By the time she entered high school, Utah State University student Melody Rose Anderson knew she wanted to become a high school teacher or a physician. Either profession, she thought, would allow her to “benefit people in a major way.”
With five medical school acceptances in hand, Anderson, who graduates this May as the College of Science valedictorian, appears to be well on her way to a career in medicine. And, this past week, she learned that she’s the recipient of a Phi Kappa Phi Graduate Fellowship for 2006-07, which includes a $5,000 award toward graduate study.
Anderson was among 57 recipients selected nationwide.
“I am extremely grateful,” said Anderson. “This fellowship means a little bit less worry as I enter medical school. As I work toward my goals I won’t forget the generosity of others.”
Phi Kappa Phi, the United States’ oldest and most distinguished national honor society, is dedicated to the recognition and promotion of academic excellence in all fields of higher education. The society’s graduate fellowship competition is among the largest and most respected scholarship programs in the country, allocating more than $380,000 annually to outstanding students for first-year graduate study.
Anderson joins 12 Aggies who have won the prestigious fellowship since 1995.
“Congratulations to Melody on this impressive accomplishment,” said Raymond T. Coward, USU executive vice president and provost. “Utah State can be justifiably proud our students’ extraordinary record in this academic competition.”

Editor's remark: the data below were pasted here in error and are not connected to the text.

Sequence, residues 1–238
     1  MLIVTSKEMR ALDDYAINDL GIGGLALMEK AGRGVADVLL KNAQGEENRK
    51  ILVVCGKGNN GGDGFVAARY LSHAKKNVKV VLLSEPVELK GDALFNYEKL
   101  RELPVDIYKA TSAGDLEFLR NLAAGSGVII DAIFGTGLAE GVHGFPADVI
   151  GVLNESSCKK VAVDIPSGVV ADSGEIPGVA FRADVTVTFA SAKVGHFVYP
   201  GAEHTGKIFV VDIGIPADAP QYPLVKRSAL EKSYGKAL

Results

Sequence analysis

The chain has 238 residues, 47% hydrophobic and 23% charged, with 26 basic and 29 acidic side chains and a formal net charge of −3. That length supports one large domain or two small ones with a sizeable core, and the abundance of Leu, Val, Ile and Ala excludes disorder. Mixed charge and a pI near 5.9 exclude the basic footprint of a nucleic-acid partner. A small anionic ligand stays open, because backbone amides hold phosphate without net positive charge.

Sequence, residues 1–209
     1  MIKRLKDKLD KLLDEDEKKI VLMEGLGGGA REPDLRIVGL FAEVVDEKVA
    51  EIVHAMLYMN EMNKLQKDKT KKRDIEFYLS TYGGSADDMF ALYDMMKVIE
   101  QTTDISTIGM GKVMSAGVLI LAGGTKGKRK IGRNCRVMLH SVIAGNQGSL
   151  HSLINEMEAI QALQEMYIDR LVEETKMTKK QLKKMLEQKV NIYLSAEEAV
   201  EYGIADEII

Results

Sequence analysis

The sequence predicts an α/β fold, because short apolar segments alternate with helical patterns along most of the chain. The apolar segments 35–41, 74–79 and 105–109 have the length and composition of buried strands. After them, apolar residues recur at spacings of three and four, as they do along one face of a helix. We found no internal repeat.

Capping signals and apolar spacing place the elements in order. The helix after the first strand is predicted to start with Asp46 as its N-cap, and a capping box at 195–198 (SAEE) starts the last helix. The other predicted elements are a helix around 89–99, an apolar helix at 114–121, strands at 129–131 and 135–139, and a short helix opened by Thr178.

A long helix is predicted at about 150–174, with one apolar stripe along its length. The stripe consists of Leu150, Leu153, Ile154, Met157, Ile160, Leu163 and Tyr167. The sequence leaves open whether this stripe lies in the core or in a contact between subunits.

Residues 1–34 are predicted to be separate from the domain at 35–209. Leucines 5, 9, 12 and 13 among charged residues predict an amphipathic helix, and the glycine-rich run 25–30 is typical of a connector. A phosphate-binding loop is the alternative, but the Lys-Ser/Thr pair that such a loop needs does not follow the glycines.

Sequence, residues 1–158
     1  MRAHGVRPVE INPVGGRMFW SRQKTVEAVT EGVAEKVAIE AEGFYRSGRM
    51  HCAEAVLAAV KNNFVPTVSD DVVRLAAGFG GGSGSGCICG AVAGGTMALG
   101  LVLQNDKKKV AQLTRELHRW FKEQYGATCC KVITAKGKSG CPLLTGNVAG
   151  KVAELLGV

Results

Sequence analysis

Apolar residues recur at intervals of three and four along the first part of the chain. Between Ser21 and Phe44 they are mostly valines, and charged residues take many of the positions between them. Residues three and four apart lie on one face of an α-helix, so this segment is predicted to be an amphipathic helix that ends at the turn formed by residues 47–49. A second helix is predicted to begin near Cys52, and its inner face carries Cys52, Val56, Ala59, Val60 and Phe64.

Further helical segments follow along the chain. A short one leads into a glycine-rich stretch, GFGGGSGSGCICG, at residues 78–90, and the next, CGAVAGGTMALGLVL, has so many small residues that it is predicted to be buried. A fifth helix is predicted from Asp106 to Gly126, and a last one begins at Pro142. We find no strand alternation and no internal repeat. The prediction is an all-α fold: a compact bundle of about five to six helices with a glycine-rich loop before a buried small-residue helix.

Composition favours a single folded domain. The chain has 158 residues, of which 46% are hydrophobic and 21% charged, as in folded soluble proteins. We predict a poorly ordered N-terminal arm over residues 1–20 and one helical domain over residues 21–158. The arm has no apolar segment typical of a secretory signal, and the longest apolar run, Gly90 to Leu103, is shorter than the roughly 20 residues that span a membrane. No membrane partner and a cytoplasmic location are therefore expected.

An Honors student, Anderson graduates with a 4.0 GPA in her biology major and chemistry minor, along with an impressive resume of research and service projects accomplished during her undergraduate career.
A recipient of the Willard L. Eccles Undergraduate Research Fellowship, one of Anderson’s research ventures was investigating enhanced biological control of the Cereal Leaf beetle with faculty mentor Ted Evans. She also served as an Undergraduate Teaching Fellow for human anatomy, which allowed her, she said, “to share my enjoyment of the subject with others.”
Beyond campus, Anderson has maintained a busy volunteer schedule, serving as a hospital operating room volunteer, a tutor to elementary school students, a hospice volunteer and a volunteer intern in a local pediatrics practice.
Anderson said she graduates from USU with fond memories of “terrific academic opportunities on a research-oriented campus with great friends, fun times and beautiful mountains at our doorstep.”
Previous USU recipients of the Phi Kappa Phi Graduate Fellowship are Jason Larkin, College of Humanities, Arts and Social Sciences, 2006; Rex Watkins, Science, 2005; Kurtis Reed, Science, 2004; Marriner Merrill, Engineering, 2003; Stuart Gibby, HASS, 2002; Michael Wilkinson, Science, 2001; Jeff Jacobs, Engineering, 2000; Peter Hale, Engineering, 1999; Blake Ashby, Engineering, 1998; Cambria Carlson, Education and Human Services, 1997; Gregory Bair, HASS, 1996 and Gregory Watts, HASS, 1995.
Writer: Mary-Ann Muffoletto [email@example.com]; 435-797-1429